logic1

UNIVERSITY OF EDINBURGH :: PHIL08004

course summary. This course is an introduction to what is known as formal or symbolic logic, requiring no prior knowledge of philosophy or mathematics. Logic is the science of reasoning—the systematic study of the principles of good and bad reasoning, and has been a central and foundational part of philosophy, stretching back over 2000 years to the earliest investigations of logic in Ancient Greece. Logic is both an historically important area of philosophy and an indispensable tool used in philosophy. Understanding philosophical texts without any knowledge of basic logic is typically very difficult and a general grasp of the meaning of various key concepts is absolutely essential if one is to evaluate the strength of a philosophical position or philosophical claim. Virtually every area of philosophy—be it ethics, metaphysics, or epistemology—relies extensively on concepts from logic. The aim of this course is not to communicate results about logical systems per se but instead to impart a skill—the ability to recognize and construct correct derivations and countermodels. We will proceed via a graduated but unified development of logic from the basics of the sentential logic up to predicate logic. Along the way we will take short diversions into the historical issues that led to various developments (e.g. the insights of Aristotle, the Stoics, Leibniz, Frege, Jaskowski, and Tarski, among others).

lecturer: Brian Rabern

office: 4.04c DSB (Tuesdays at 11)

twitter : @Logic1Edinburgh

secretary: Alison Lazda, philinfo@ed.ac.uk

head tutor: Jade Fletcher, jade.fletcher@ed.ac.uk

course text: An Exposition of Symbolic Logic, Terrence Parsons

- Friday April 5, 12:00-16:00, S37, 7 George Square

Note that the last three logic labs will be in a differnt room

Friday April 12, The Robson Building - H.R.B Lecture Theatre

- Friday April 19, The Robson Building - H.R.B Lecture Theatre
- Friday April 26, The Robson Building - H.R.B Lecture Theatre

Weekly homework excersises will be assigned on the web application ∃LOGIC: this program is essential to the course. Instructions for getting started are here (or watch this video)

Week 1 [ homework ]

- What is logic? (slides) [Parsons 0: 5-13]
- Formal languages and systems (slides) [Hunter, "Formal languages": 4-13]
- System MIU (slides) [Hofstadter: "The MU-puzzle"; Homework: MU playground]

Week 2 [ homework ]

- L1 (The language of `if' and `not') (slides) [Parsons 1: 1-6; syntax playground]
- Symbolisations (slides) [Parsons 1: 7-10] [A note on 'if' and 'only if']
- Inference rules (slides) [Parsons 1: 11-12]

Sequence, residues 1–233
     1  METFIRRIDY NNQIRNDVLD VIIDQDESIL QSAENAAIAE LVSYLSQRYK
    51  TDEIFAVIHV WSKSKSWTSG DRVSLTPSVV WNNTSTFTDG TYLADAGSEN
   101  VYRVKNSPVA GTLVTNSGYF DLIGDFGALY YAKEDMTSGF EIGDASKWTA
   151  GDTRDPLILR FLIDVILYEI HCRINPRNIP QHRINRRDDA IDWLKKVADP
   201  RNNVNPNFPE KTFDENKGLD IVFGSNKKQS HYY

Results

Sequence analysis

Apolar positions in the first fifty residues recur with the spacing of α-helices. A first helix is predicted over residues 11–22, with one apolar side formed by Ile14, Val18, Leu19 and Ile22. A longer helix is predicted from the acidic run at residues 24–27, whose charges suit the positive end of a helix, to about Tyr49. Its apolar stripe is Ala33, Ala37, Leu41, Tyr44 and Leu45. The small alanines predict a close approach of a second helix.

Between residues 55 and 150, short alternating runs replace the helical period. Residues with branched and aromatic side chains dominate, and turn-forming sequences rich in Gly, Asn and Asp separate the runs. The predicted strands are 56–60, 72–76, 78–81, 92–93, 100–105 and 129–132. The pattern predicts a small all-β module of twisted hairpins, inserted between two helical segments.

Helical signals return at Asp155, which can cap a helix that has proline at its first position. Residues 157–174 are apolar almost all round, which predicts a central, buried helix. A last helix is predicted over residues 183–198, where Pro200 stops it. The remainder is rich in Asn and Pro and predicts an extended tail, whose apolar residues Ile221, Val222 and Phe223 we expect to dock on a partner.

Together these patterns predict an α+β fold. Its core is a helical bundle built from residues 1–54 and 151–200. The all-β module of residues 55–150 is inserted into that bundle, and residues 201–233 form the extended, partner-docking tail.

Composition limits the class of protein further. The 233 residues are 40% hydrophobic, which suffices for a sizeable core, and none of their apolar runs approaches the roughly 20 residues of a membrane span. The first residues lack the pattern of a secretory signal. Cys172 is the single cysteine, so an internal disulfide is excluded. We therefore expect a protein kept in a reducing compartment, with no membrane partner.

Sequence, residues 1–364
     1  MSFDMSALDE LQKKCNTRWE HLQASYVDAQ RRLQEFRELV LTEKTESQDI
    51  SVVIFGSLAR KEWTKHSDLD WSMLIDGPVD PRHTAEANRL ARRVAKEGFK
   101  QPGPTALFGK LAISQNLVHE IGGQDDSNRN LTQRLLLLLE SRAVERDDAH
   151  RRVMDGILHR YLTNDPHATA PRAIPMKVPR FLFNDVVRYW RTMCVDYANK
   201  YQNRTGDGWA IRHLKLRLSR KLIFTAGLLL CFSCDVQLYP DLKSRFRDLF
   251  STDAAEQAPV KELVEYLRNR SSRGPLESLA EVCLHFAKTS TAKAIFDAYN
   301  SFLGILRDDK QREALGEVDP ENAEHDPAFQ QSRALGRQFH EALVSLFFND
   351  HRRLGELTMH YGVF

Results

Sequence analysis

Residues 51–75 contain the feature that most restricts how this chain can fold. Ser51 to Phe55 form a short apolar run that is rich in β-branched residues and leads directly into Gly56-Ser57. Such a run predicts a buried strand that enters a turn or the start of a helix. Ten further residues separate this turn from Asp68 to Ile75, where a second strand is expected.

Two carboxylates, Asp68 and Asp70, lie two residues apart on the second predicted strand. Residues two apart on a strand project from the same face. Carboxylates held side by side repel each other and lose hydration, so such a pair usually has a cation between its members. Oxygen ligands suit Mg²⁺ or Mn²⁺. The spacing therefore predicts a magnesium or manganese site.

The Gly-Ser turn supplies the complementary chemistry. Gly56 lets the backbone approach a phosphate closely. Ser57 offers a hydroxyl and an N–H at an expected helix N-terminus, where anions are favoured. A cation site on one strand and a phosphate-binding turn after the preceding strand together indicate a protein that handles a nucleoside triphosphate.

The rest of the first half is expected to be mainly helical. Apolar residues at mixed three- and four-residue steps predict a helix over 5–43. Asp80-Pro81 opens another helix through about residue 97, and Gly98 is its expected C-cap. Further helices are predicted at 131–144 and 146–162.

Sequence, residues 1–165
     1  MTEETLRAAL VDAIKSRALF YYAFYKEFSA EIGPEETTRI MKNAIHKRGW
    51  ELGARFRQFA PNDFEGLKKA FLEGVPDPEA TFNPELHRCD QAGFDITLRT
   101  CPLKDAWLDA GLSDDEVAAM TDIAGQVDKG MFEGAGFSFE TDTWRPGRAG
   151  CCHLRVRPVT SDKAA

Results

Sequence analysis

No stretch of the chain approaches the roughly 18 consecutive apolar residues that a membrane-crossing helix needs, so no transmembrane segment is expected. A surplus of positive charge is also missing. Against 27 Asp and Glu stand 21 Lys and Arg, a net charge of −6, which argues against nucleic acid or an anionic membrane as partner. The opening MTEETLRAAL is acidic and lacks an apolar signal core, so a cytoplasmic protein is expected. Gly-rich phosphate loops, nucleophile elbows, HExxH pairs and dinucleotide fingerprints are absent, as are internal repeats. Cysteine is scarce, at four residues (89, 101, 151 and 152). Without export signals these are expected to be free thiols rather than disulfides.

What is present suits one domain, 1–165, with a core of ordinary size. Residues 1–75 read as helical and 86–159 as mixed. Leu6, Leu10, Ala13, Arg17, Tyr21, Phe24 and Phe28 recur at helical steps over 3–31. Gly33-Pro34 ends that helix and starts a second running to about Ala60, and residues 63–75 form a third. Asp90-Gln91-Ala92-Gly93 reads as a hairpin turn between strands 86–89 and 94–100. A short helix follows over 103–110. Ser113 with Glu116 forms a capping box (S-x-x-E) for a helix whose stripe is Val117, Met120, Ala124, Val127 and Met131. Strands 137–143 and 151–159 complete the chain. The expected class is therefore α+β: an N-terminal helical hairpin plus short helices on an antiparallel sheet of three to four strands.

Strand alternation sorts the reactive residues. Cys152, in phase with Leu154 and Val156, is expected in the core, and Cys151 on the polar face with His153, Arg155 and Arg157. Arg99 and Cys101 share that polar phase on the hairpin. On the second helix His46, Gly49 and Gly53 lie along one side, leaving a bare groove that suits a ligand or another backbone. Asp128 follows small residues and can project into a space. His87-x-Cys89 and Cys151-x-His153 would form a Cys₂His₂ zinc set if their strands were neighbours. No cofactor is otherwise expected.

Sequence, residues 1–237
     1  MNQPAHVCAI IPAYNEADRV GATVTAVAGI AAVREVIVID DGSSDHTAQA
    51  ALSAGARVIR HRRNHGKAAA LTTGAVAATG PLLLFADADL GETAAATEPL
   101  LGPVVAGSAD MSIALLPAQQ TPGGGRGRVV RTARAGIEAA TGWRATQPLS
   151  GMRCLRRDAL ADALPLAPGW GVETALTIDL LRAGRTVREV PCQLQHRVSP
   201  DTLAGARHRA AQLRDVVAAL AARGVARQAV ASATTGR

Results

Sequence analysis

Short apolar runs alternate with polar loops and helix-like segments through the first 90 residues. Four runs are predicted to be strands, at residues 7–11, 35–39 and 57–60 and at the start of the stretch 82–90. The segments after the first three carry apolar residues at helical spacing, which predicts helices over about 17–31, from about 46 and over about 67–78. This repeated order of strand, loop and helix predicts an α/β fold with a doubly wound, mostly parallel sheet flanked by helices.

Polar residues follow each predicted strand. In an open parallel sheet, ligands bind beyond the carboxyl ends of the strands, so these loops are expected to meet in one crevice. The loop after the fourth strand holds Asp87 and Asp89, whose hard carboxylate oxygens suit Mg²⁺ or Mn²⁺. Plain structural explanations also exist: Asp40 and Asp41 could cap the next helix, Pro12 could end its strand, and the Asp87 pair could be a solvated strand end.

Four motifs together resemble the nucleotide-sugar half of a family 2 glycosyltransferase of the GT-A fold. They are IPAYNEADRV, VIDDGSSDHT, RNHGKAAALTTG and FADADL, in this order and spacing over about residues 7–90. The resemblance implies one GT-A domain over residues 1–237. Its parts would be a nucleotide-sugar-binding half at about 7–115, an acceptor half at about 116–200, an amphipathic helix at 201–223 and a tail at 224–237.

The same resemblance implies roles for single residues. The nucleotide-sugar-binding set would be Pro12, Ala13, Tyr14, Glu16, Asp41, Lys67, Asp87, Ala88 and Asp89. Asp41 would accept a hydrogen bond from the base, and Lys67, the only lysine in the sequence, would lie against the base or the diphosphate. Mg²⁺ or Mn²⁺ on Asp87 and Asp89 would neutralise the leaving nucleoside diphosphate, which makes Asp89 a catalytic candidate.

Week 3 [ homework ]

- Introduction to derivations (slides) [Parsons 1: 13-18]
- Direct, Conditional, and Indirect Derivations (slides) [Parsons 1: 18-30]
- Sub-derivations (slides) [Parsons 1: 30-44]

Week 4 [ homework ]

- L2 (The language of `if', `not', `and', `or', `iff') (slides) [Parsons 2: 1-11]
- Inference rules (slides) [Parsons 2: 12-14]
- Derivation strategies (slides) [Parsons 2: 15-18]

Week 5 [ homework; study guide ]

- Box and cancel (slides) [Parsons 2: 19-21]
- Derived rules (slides) [Parsons 2: 25-33]
- Midterm Exam, (in lecture normal time), Feb. 14th [ exam, answers ]

________________________________________________________________

Flexible Learning Week -- no classes -- 18-22 February 2019

________________________________________________________________

Week 6 [ homework ]

- Truth tables (slides) (exersices) [Parsons 2: 34; Wittgenstein's TLP]
- Truth table analysis (slides) [Parsons 2: 34-37]
- Validity and countermodels (slides) [Parsons 2: 37-39]

Week 7 [ homework ] [syntax playground for L3]

- Introduction to quantifiers (slides) [Parsons 3: 1-3]
- Names, variables, and predicates (slides) [Peters & Westerståhl][Dummett, Chapter 2]
- L3 symbolisations (slides) [Parsons 3: 3-7]

Week 8 [ homework ]

- Quantifier inference rules (slides) [Parsons 3: 8-19]
- Derivations with quantifiers (slides) [Parsons 3: 19-24]
- More derivations (slides) [Parsons 3: 25-28]

Week 9 [ homework ]

- Quantifier negation rules (slides) Parsons 3: 28-39]
- Models (slides) [Parsons 3: 40-42]
- Invalidity and countermodels (slides) [Parsons 3: 42-44]

Week 10 [ homework ]

Countermodels (slides) [Parsons 3: 45-47]

Derivations and models (slides) [Parsons 3: 48]

Beyond monadic (slides) [Parsons 4, L4 exersices]

Week 11 [ Exam study guide ] [answers]

- Review derivations
- Review countermodels
- The End (slides)

Handouts

- Formal systems
- Inference rules
- elogic rules
- Derivation guide (L1 and L2)
- Derivation of T65
- Midterm study guide
- Midterm exam: answer sheet
- Truth-table exersices
- Validity exersices
- L3 derivation guide
- All homework (pdf, html)